Tuesdays with Tony
So you wanna buy a horse. What kind of horse do you want? Oh wait I know, because this is what all the humans say: a gelding who is 16.2, black with some white (but not too much), must be ready to go Grand Prix (dressage, and show jumping, in the same weekend), oh and must be able to trail ride on the buckle despite deer and turkey making a ruckus, and, finally, must poop in one spot in the stall so it’s easy to clean.
Sure, I might have taken the description a bit far there, but you get the idea. Cats do love hyperbole. Let’s talk about what you really, really want in a horse, and how to find it.
Step 1: Write down some stuff
What do you currently do with your horse? If it’s take a lesson once a week on someone else’s horse, that’s great! If it’s walk and trot for 15-20 minutes, that’s good, too. If it’s compete at the National level in Western Pleasure, that’s fantastic! Start with where you are now. Then, and only then, move on to where you want to go next. You can dream a bit, don’t go too wild. If you’re doing Intro Dressage, maybe you want a horse that can take you up through 4th level. Maybe it’s a horse you can trailer to out-of-state parks to camp and ride. Be careful to stay within what’s reasonable for the next few years. For example, if you just started taking lessons last month, and now you want an Olympic-level show jumper, this is not a good plan. An even worse plan is now I want a 2 year old so we can “grow” together. You humans are really good at dreaming a little too big during this phase of the process. Not sure what a good future goal would be? Find a professional who can help you with that!!! Pay them for this knowledge. It’s totally worth it!
Step 2: See what’s out there
This does not mean call up McLain Ward and see if HH Azur is available to try. This means check out the ads on Facebook, and all the horse-for-sale sites to see what’s around. Use your goals list to find horses actually doing what you want to do. Now, and here’s the tricky part, how much do those horses cost? Sure, Dr. Lacher wants a horse that will take her around the International Hunter Derby, but until she gets adopted by Bill Gates, that’s not likely to happen. You get the idea. Let this portion of our activity be the check on your wishes. It’s also why I said don’t dream too big in your goals in Step 1. Again, know who else can help you with this phase? A good professional. Oh, and pay them for this knowledge, too. It’s still totally worth it.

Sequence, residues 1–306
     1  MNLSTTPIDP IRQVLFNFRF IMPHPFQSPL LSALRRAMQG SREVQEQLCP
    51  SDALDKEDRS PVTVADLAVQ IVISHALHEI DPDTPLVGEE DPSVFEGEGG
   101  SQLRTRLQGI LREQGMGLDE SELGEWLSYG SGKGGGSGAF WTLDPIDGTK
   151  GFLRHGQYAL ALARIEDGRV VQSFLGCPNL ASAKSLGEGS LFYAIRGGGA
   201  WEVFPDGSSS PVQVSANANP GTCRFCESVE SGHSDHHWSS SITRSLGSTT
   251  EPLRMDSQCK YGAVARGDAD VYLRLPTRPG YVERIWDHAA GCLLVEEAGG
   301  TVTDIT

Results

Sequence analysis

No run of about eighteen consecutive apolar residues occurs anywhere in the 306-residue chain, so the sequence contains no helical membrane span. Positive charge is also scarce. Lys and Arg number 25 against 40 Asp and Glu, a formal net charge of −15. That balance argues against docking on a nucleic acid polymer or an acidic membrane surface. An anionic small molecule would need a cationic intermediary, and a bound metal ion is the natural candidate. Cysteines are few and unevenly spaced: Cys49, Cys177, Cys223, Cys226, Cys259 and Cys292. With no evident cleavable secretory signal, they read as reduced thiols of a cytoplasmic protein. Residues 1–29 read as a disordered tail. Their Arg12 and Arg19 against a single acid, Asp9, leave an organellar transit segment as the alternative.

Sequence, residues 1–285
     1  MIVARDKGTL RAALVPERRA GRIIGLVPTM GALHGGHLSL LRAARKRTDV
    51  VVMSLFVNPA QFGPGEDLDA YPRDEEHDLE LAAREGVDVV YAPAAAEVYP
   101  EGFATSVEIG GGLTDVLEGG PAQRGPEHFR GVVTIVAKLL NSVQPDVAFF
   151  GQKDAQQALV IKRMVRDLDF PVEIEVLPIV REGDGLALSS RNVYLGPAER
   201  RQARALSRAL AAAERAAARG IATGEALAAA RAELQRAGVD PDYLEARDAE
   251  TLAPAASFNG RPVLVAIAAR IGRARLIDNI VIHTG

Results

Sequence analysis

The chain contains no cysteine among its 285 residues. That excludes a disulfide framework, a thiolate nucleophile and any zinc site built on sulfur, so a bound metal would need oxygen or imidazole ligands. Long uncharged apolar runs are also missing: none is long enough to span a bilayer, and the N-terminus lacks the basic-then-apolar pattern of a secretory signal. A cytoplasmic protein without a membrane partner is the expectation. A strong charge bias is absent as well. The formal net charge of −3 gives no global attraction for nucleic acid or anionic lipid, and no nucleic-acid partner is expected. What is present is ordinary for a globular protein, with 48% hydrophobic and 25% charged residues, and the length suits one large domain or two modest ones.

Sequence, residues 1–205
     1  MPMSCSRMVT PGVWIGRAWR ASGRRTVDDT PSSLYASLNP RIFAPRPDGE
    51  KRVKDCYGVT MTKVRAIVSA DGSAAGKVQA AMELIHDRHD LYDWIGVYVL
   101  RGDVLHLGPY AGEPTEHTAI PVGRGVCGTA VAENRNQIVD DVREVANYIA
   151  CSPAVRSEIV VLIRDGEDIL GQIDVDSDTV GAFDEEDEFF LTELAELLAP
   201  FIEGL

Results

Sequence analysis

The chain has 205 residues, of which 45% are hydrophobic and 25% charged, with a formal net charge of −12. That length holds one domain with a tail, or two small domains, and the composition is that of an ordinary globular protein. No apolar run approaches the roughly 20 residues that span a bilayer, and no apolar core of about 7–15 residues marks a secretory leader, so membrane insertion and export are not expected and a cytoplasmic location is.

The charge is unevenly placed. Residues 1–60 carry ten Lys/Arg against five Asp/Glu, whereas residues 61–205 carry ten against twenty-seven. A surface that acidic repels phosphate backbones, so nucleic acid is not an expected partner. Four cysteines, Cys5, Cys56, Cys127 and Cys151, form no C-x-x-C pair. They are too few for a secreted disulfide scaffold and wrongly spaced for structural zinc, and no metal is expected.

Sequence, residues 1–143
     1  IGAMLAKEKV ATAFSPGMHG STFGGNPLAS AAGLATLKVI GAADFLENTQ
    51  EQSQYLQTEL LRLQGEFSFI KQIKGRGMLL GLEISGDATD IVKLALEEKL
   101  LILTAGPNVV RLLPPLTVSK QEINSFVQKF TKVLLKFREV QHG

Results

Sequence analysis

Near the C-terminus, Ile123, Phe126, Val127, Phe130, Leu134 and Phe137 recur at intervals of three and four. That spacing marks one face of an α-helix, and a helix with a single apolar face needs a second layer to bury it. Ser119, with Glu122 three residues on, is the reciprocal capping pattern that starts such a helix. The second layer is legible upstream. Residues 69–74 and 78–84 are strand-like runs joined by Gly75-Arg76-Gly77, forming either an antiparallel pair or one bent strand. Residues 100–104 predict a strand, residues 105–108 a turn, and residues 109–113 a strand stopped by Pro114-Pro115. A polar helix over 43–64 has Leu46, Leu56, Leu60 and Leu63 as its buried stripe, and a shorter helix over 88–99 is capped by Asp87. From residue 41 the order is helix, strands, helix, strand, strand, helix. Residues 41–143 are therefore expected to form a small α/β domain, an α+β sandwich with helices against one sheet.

Step 3. Now go look at what’s out there
Alright, you know what you want, and you have a reasonable price range. Go try some horses. This is really, really, really where you want to have a professional helping you. You know why? Because you humans will fall in love with the wrong thing every time. From other humans to horses, you just don’t pick well. You need someone with an objective eye. Sure, that chestnut mare with the white stockings is beautiful, but she pinned her ears and tried to buck you off every time you asked her to lope off. Now maybe that’s something you have the skills to work through, maybe it isn’t. Having someone else’s thoughts on the matter is really important! After you’ve tried each horse, use those opposable thumbs, and write some stuff down. What did you like? What did you hate?
Step 4. Get a pre-purchase exam
You knew I was going to get to the doctor stuff at some point. I do live in a veterinary clinic, after all. When you decide which horse, get a thorough pre-purchase exam done. The key part of that is PRE. Yes, before you buy the horse.
A pre-purchase exam is an incredibly thorough evaluation of a horse. My Docs look very closely at every part of them from the whiskers on their nose, to the hair on their tail. They do a full lameness and neurological evaluation as well. In other words, they check for all the things. Now, these are horses, and no one can 100% predict the future, especially when it comes to horses. However, they will know the most they can for you about this horse, on this particular day.
After the exam, the Docs usually recommend some x-rays. X-rays help them evaluate what’s going on inside. In particular, front feet, hocks, and stifles can be future problem areas. Knowing what they look like on this day can give them an idea about the future. Pre-purchase exams can get very expensive, very quickly. I’m not saying everyone needs to take x-rays of the entire horse. I am saying don’t skip the exam part of things!
A horse is a major expense, whether you’re spending $5,000 or $500,000. Spending a few hundred dollars to check it out first is called being a Smart Buyer. Be a Smart Buyer. If you’ll read my blog on nutrition, you can pay for your pre-purchase exam with the money you save on all those unnecessary supplements!
Step 5. Put it all together
Each one of these steps is important. Don’t pick the horse that won’t meet your goals, because it passed the pre-purchase. At the same time, don’t pick the horse that is perfect in every way, except it’s lame in three legs on the pre-purchase. Take everything in consideration.
The most important final step
Scroll down a little bit further, and subscribe to this blog. Then go subscribe to the podcast the humans do called Straight From The Horse Doctor’s Mouth. The more you know about horses, the better-prepared you will be as a horse owner. And seriously, I’m giving you all my cat knowledge for free. Where else can you get that kind of love?
Until next week,
Tuesdays with Tony is the official blog of Tony the Clinic Cat at Springhill Equine Veterinary Clinic in Newberry, Florida. If you liked this blog, please subscribe below, and share it with your friends on social media! For more information, please call us at (352) 472-1620, visit our website at SpringhillEquine.com, or follow us on Facebook!